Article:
Like quite a few other Victorian novelists and painters, Charles Dickens presents with great sympathy the plight of young women who served as governesses. Suspended between middle- and upper-class employers and members of the working class in service, they often found themselves mistreated. Ruth Pinch of Martin Chuzzlewit, for instance, is criticized, demeaned, and treated haughtily in a nouveau riche family — something her brother Tom quickly discovers when he pays her a visit upon coming to London after leaving the hideous Pecksniff. First Dickens beautifully characterizes the family with the father's opening words to Tom:
"I am glad you chance to have called to see your sister to-day, sir," resumed the brass-and-copper founder. "For although I do not approve, as a principle, of any young person engaged in my family in the capacity of a governess, receiving visitors, it happens in this case to be well timed. I am sorry to inform you that we are not at all satisfied with your sister."
"We are very much dissatisfied with her," observed the lady.
"I'd never say another lesson to Miss Pinch if I was to be beat to death for it!" sobbed the pupil. [ch. 26]
When Tom asks where the problem lies, the father"s response means one thing to him and something very different to Tom:
"Yes," said the gentleman, "I will. I don"t recognize it as a right; but I will. Your sister has not the slightest innate power of commanding respect. It has been a constant source of difference between us. Although she has been in this family for some time, and although the young lady who is now present has almost, as it were, grown up under her tuition, that young lady has no respect for her. Miss Pinch has been perfectly unable to command my daughter"s respect, or to win my daughter"s confidence. Now," said the gentleman, allowing the palm of his hand to fall gravely down upon the table: "I maintain that there is something radically wrong in that! You, as her brother, may be disposed to deny it — "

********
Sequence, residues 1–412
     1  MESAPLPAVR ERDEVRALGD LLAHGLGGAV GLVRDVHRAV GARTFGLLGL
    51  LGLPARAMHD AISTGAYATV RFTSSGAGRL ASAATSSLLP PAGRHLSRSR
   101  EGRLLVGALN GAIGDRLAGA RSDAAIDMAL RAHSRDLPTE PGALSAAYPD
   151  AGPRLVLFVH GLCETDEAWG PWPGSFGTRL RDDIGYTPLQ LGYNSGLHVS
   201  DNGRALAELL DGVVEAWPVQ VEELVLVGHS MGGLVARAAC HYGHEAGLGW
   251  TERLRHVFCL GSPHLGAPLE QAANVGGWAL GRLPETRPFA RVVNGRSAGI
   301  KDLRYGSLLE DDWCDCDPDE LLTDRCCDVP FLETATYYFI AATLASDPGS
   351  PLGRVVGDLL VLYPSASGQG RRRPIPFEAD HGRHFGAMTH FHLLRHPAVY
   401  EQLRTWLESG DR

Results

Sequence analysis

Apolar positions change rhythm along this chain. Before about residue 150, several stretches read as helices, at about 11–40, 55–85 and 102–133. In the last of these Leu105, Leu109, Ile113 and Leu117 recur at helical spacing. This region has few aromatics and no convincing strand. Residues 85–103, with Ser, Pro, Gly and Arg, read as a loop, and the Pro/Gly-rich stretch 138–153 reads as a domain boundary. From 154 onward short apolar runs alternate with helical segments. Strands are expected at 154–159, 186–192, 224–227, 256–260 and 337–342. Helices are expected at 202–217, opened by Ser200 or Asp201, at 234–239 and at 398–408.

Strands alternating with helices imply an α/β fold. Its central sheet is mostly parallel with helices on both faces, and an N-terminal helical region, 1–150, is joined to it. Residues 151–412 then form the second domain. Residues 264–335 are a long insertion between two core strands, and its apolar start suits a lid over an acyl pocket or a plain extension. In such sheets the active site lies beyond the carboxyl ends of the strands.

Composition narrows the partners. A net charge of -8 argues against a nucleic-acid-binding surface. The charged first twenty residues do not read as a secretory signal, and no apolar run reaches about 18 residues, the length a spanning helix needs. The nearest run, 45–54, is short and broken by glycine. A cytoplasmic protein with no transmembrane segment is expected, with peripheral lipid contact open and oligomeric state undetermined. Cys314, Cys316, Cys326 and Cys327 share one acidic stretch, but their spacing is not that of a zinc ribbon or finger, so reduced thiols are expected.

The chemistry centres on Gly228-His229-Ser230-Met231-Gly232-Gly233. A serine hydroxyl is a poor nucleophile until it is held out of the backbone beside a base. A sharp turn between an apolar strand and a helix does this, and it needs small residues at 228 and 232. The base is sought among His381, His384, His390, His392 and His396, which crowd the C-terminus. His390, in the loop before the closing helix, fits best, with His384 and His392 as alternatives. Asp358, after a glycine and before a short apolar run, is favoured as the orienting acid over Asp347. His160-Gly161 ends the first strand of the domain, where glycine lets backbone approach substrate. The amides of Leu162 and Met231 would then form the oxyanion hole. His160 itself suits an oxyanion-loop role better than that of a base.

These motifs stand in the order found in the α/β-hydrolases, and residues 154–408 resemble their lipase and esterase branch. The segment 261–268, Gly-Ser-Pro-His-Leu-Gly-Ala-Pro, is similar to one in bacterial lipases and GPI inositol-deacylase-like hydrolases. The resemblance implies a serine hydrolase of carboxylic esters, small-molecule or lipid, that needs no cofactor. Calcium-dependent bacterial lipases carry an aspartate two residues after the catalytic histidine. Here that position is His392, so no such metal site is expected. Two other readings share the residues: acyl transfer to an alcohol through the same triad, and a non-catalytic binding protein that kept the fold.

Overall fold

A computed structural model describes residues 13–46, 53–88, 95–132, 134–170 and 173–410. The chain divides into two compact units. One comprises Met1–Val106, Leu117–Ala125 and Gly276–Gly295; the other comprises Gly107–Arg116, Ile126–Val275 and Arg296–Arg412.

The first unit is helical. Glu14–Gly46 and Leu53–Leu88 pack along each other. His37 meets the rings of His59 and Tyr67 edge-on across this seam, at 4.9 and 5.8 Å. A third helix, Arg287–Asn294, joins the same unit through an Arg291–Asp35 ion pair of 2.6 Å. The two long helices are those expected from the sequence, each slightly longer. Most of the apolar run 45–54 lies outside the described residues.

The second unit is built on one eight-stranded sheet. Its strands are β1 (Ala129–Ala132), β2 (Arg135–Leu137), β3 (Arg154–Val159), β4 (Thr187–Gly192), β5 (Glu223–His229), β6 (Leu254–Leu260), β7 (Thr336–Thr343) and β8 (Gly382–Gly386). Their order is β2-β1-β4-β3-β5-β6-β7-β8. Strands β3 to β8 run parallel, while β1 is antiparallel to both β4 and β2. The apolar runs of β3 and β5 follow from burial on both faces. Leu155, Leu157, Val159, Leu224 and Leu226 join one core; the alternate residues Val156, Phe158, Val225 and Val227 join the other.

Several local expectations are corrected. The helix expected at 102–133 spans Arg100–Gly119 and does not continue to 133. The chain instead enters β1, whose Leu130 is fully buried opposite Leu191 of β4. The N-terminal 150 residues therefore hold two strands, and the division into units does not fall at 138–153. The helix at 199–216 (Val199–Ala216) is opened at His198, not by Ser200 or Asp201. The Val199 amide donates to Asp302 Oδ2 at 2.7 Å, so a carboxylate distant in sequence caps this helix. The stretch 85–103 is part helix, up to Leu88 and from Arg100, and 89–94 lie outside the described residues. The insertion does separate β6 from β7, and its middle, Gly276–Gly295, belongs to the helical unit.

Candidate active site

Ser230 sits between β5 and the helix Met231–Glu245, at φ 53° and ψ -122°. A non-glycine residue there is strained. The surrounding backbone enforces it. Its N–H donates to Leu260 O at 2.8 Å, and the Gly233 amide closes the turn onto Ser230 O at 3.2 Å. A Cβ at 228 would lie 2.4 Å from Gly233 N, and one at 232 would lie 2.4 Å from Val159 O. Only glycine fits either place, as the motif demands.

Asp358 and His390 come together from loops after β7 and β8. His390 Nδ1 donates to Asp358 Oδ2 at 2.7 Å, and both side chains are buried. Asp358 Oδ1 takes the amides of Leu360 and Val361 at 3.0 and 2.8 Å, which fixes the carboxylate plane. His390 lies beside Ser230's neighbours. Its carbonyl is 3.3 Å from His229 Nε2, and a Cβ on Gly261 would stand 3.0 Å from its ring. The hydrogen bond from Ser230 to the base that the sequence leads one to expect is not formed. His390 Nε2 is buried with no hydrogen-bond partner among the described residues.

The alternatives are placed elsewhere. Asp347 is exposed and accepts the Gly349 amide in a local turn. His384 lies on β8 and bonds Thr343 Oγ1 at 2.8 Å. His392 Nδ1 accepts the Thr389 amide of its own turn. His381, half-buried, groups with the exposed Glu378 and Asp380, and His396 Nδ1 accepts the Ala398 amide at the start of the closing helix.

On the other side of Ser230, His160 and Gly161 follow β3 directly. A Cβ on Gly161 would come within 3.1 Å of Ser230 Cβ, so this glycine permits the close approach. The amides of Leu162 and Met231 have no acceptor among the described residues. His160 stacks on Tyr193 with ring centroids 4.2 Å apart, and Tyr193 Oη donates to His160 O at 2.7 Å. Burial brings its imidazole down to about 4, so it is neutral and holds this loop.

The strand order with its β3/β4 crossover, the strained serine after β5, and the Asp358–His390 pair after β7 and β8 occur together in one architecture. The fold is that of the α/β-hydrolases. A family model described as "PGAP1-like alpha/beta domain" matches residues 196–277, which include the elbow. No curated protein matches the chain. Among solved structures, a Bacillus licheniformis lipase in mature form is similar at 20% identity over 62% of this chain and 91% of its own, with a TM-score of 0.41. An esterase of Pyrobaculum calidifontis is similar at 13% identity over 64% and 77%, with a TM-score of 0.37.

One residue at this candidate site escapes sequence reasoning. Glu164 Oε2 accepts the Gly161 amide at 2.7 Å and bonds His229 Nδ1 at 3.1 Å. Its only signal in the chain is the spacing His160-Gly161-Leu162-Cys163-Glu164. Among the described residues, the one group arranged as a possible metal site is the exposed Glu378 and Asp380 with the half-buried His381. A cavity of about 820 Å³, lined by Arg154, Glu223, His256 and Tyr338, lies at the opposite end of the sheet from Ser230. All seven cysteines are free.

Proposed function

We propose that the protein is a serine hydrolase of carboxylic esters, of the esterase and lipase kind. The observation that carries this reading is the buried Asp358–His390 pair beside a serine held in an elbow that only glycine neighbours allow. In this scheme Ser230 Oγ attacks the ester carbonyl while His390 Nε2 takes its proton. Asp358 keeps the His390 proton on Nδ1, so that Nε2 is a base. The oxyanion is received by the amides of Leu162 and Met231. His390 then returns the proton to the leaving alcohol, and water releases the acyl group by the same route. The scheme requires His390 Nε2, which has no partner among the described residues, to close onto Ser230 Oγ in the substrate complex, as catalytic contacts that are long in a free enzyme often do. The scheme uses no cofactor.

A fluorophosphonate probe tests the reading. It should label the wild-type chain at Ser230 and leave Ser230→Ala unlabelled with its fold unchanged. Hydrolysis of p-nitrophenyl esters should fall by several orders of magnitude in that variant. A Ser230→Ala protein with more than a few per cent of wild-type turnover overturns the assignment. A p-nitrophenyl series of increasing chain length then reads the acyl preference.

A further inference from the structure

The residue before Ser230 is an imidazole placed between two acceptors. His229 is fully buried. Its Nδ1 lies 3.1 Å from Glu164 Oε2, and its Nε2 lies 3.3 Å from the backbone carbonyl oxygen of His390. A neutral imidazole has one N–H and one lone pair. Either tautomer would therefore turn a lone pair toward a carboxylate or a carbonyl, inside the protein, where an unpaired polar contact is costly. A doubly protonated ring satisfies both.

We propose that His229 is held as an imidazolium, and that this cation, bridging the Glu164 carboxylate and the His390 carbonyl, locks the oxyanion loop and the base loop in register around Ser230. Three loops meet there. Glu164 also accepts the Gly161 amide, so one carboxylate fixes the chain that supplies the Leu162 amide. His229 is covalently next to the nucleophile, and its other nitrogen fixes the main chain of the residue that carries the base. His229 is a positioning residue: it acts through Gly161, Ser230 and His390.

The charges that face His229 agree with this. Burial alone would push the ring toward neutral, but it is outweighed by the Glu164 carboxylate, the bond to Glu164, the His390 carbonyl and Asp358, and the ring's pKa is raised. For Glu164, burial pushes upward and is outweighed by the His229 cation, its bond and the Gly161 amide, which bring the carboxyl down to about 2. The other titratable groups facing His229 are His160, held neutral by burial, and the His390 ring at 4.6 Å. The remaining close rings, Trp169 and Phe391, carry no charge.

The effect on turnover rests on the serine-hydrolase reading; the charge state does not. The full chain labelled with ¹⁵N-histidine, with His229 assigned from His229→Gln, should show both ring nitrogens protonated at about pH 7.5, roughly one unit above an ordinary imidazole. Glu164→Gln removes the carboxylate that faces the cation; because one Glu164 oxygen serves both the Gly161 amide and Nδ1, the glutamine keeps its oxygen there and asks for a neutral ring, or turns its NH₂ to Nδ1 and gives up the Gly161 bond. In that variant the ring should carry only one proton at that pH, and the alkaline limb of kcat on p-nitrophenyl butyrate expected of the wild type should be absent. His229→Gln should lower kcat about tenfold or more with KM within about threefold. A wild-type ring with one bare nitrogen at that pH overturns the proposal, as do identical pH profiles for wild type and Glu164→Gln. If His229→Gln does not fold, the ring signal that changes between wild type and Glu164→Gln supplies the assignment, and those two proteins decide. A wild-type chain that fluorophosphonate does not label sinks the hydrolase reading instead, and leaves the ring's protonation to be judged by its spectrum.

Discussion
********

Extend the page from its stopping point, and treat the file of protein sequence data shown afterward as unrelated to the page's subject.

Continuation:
Tom agrees that "there is something radically wrong; radically monstrous, in that", just as he does when the father"s complains that he expects the goverenness to make his daughter "choice in her expressions, genteel in her deportment, as becomes her station in life, and politely distant to her inferiors in society, [but] I find her, only this very morning, addressing Miss Pinch herself as a beggar!" Tom, who has become a new man now that he has left Pecksniff, removes his sister from the vulgar family, telling them "the simple truth":
"Sir!" cried Tom, . . . no man can expect his children to respect what he degrades."
"Ha, ha, ha!" laughed the gentleman. "Cant! cant! The common cant!"
"The common story, sir!" said Tom; "the story of a common mind. Your governess cannot win the confidence and respect of your children, forsooth! Let her begin by winning yours, and see what happens then." . . . "When you tell me," resumed Tom, who was not the less indignant for keeping himself quiet, "that my sister has no innate power of commanding the respect of your children, I must tell you it is not so; and that she has. She is as well bred, as well taught, as well qualified by nature to command respect, as any hirer of a governess you know. But when you place her at a disadvantage in reference to every servant in your house, how can you suppose, if you have the gift of common sense, that she is not in a tenfold worse position in reference to your daughters?"
This being Dickens, Tom concludes by emophasizing that the cash nexus cannot justify ill treatment of one"s employees:
As to your suspicion and distrust of her; even of her word; if she is not above their reach, you have no right to employ her."
"No right!" cried the brass-and-copper founder.
"Distinctly not," Tom answered. "If you imagine that the payment of an annual sum of money gives it to you, you immensely exaggerate its power and value. Your money is the least part of your bargain in such a case. You may be punctual in that to half a second on the clock, and yet be Bankrupt. [ch. 26]
Last modified 8 June 2007